Gulych Wins US Cup In Spectacular Fashion
Maybe it’s the experience of being a little bit older, or maybe it’s the way they play up north. Whatever the case, the 18th edition of the United States Golf Teachers Cup was somewhat of a repeat of the 17th edition: A golfer over 50 won for the second consecutive year, as did a golfer from Canada.
Grant Gulych, a longtime participant in the US Cup, realized his playing potential by overwhelming the field with a fi nal-round 69 in claiming the 2013 title at Tunica National Golf Club in Tunica Resorts, Mississippi, just south of Memphis, Tennessee, this past October 7-8. Gulych poured in five birdies and an eagle, making putts from seemingly everywhere.
His two-round total of 147 refl ected the tough conditions of the fi rst day and was the highest Winning score since another Canadian, Dave Belling, took the title in 2004 at Carter Plantation near New Orleans, Louisiana. Last year’s defending champion, Bill Hardwick, fi nished as runner-up with scores of 78-73 –151.
For Gulych, winning the championship is an important milestone in his golf career. “Winning the US Cup means the world to me,” said Gulych. “The one person I did not thank (at the banquet) was my wife Sharon. The encouragement and support she has given me over the past fi ve years through the highs and lows made me push even harder to become the best player I can be and make her proud to be the wife of a US Cup champion.” Gulych can be forgiven for not mentioning his wife, because all who know him know how much Sharon means to him.
The first day saw extremely high winds and fast, but fair, greens in excellent condition. Tunica National also has many bunkers and water on virtually every hole, making for a tough challenge. The course was set up somewhat shorter than it normally would have been to try to mitigate the circumstances, but it was a futile effort for the most part. Veteran competitor Bruce Sims opened with a 75 to take the first-round lead, with Mick Stocker and Steven Pezzino hot on his heels with matching 76s.
Cole Golden and Gary Cricks were another shot back at 77, and only five more of the 69 competitors broke 80 on the day. One of them was Bob Wyatt, the USGTF national coordinator, who at age 63 turned in a fine 79. Wyatt is busy working full-time and is seldom able to play or practice, so his first-round showing was a pleasant surprise.
The second day dawned sunny and with less wind. Sims hung tough for the first four holes by shooting -1, but double bogeys at holes 5 and 7 derailed his chances. Stocker was in the hunt until an unfortunate quadruple bogey at the seventh, and Pezzino’s day got off to a bad start at the first, including a two-stroke penalty, and he never recovered.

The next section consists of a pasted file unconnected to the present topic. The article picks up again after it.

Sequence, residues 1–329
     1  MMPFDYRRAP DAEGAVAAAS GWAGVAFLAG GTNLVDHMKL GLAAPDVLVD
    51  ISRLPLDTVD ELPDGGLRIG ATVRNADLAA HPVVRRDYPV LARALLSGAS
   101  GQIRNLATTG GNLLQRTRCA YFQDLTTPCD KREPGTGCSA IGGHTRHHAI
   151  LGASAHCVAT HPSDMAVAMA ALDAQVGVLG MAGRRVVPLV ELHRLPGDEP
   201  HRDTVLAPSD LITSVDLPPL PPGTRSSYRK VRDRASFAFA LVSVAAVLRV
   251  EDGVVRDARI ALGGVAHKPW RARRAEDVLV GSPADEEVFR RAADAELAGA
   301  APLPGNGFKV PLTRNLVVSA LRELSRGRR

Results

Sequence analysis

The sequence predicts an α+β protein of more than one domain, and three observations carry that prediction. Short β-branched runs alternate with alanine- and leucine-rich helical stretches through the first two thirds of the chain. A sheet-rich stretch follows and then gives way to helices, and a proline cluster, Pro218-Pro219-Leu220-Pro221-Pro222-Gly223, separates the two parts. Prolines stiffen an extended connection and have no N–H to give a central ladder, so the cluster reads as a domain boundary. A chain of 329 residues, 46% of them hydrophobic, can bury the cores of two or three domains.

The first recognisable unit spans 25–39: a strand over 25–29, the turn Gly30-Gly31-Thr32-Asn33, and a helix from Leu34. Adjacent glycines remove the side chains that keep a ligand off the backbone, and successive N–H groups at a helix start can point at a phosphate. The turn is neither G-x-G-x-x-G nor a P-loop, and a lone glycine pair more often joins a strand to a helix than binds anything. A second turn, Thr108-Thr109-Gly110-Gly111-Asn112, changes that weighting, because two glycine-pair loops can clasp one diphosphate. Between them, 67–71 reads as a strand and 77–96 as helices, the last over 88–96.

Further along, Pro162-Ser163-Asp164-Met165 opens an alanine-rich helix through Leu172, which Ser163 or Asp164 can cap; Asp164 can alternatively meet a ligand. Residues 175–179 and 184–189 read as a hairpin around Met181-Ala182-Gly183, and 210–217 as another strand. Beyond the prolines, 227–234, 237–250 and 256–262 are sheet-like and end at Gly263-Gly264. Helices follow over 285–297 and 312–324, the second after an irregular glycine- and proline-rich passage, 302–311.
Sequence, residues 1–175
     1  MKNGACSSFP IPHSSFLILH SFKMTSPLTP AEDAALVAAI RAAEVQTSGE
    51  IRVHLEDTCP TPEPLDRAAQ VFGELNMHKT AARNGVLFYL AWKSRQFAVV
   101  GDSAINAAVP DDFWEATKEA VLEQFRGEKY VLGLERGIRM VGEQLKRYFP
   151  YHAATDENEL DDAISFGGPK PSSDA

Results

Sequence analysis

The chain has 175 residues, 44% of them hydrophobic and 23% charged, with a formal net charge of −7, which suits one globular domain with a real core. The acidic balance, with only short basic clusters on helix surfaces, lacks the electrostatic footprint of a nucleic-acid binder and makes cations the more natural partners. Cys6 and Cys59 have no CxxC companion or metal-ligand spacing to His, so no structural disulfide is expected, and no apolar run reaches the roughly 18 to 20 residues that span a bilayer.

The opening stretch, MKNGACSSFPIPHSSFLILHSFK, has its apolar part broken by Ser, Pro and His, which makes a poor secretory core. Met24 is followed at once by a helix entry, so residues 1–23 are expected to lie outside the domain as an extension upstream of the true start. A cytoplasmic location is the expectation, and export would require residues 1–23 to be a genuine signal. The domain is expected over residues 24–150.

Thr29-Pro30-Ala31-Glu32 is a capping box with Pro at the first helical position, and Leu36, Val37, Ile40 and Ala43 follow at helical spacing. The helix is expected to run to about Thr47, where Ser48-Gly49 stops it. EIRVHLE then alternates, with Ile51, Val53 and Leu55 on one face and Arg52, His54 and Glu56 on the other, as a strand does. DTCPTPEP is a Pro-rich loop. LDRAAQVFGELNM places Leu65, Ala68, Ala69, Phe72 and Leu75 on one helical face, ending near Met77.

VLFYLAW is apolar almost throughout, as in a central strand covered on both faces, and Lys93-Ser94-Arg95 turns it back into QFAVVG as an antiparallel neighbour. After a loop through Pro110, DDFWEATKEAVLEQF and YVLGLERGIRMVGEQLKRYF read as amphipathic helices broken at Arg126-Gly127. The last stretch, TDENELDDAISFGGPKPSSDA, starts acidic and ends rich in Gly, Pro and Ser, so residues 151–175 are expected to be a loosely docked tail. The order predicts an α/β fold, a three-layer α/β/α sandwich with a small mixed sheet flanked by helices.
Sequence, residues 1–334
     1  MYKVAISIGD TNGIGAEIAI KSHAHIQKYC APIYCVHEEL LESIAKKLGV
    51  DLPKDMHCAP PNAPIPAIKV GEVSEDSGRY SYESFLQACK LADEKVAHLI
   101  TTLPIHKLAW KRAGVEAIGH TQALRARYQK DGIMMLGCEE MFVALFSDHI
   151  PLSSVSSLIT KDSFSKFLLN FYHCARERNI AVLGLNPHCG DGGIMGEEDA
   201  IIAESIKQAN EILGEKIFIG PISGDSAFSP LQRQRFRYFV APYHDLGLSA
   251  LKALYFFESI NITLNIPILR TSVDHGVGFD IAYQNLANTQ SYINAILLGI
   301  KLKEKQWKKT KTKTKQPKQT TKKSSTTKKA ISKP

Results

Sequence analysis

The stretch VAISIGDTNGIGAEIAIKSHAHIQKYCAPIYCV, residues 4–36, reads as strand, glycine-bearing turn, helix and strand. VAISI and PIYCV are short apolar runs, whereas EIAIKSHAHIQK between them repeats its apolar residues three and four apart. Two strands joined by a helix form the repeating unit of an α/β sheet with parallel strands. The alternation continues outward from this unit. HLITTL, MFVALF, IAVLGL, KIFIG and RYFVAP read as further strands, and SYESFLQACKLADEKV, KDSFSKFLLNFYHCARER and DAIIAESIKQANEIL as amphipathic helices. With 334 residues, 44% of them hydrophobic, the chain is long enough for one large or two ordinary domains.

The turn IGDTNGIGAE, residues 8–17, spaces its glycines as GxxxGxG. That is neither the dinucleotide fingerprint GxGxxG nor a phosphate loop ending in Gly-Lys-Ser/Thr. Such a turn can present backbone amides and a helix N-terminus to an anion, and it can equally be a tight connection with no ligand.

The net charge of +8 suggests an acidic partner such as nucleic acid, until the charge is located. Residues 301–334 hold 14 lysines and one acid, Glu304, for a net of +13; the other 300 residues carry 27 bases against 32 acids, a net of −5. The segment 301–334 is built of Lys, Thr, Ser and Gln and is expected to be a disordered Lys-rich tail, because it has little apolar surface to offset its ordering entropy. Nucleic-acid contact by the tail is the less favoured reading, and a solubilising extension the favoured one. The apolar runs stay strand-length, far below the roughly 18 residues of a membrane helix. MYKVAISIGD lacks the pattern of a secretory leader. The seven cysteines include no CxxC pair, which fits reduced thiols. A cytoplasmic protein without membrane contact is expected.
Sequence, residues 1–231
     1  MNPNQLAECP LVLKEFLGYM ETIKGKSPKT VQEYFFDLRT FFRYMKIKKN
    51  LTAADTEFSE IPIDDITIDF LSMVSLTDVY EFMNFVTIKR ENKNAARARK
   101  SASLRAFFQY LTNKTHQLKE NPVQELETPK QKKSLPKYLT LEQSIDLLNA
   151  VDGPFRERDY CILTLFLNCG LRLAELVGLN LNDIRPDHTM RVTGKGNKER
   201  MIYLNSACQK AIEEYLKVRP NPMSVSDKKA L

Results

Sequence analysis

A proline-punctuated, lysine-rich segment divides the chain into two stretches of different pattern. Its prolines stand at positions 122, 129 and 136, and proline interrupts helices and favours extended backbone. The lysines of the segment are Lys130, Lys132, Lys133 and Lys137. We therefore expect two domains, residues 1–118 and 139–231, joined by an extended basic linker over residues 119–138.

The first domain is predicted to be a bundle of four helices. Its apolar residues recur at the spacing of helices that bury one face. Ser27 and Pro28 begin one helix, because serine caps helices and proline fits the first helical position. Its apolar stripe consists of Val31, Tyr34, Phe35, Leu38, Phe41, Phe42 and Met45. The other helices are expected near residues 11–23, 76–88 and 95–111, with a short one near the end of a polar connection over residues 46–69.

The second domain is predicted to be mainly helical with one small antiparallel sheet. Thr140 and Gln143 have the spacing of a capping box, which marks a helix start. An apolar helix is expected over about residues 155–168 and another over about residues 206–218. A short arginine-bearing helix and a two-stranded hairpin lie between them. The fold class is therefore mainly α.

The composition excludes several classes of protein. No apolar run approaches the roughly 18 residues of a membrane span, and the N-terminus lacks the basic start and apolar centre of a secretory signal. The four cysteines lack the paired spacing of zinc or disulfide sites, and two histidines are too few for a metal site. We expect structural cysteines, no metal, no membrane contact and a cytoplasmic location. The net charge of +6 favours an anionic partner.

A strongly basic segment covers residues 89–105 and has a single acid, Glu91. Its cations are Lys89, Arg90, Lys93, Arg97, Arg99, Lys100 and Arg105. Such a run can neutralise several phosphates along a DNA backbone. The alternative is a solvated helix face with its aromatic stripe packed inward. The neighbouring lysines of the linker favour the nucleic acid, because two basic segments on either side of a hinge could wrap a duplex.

Meanwhile, in the penultimate group, Cricks, Golden, and Gulych were lighting it up. Cricks birdied two of his first five holes to move into the lead, but Gulych also had two birdies of his own and Golden one. Cricks was unable to maintain his pace as he double-bogeyed the sixth. Golden kept making pars, and Gulych finally broke the tie with Golden with a birdie at the ninth to take a one-stroke lead heading into the final side. It was still close through 13 with Gulych holding a two-stroke lead over Golden, but an eagle three by Gulych on the par-5 14th with Golden making bogey gave Gulych a five-stroke advantage with four to play.
Gulych’s work wasn’t done, though, by any stretch. “The one moment that signified my round was the par-5 16th,” said Gulych, “where I went driver down the middle, and with 175 yards downwind I hit a 7-iron to the center of the green, leaving a 20-foot eagle putt. This left an easy two-putt birdie to go 4-under with two holes to play. The second shot on 18 was probably my best shot of the day, considering my nerves, as I hit my drive in the bunker on the right side. After composing myself, looking at a 170-yard bunker shot over water, I pulled the 6-iron and placed my ball on the front left corner of the green. After that, I got a chance to take a breath and enjoy the final putts, knowing I was going to finish under par and giving me a chance to win.”
Tournament runner-up Hardwick still went home with some hardware, as he captured the Super Senior title. Matt Smith, defending Open division champion, shook off an uncharacteristic 81 in the first round, coming back with a final-round 71 to tie Golden at 152 in the Open division. Smith defeated Golden on the second hole of sudden-death to again claim that title. At the closing banquet and awards ceremony, Smith gave a moving speech about overcoming stuttering and how much winning the Harvey Penick Trophy meant to him.
Jenny Brock won the Ladies division on the second hole of sudden-death, sinking a 10-foot putt to outlast runner-up Kathy Hester. Both players finished with scores of 175. Donald Smith captured the Legends division title for the first time on scores of 80-78 – 158. The location and dCup have not been set as of press time.